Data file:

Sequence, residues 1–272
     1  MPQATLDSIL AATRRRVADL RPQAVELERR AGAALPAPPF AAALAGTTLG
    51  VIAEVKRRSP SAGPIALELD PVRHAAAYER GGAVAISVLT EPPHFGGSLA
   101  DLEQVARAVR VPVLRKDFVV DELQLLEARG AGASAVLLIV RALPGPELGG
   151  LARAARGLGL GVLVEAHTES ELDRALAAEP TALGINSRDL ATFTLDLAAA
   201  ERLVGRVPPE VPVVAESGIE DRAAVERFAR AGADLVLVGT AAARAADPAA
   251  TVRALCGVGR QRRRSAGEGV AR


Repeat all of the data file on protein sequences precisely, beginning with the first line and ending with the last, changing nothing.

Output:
Sequence, residues 1–272
     1  MPQATLDSIL AATRRRVADL RPQAVELERR AGAALPAPPF AAALAGTTLG
    51  VIAEVKRRSP SAGPIALELD PVRHAAAYER GGAVAISVLT EPPHFGGSLA
   101  DLEQVARAVR VPVLRKDFVV DELQLLEARG AGASAVLLIV RALPGPELGG
   151  LARAARGLGL GVLVEAHTES ELDRALAAEP TALGINSRDL ATFTLDLAAA
   201  ERLVGRVPPE VPVVAESGIE DRAAVERFAR AGADLVLVGT AAARAADPAA
   251  TVRALCGVGR QRRRSAGEGV AR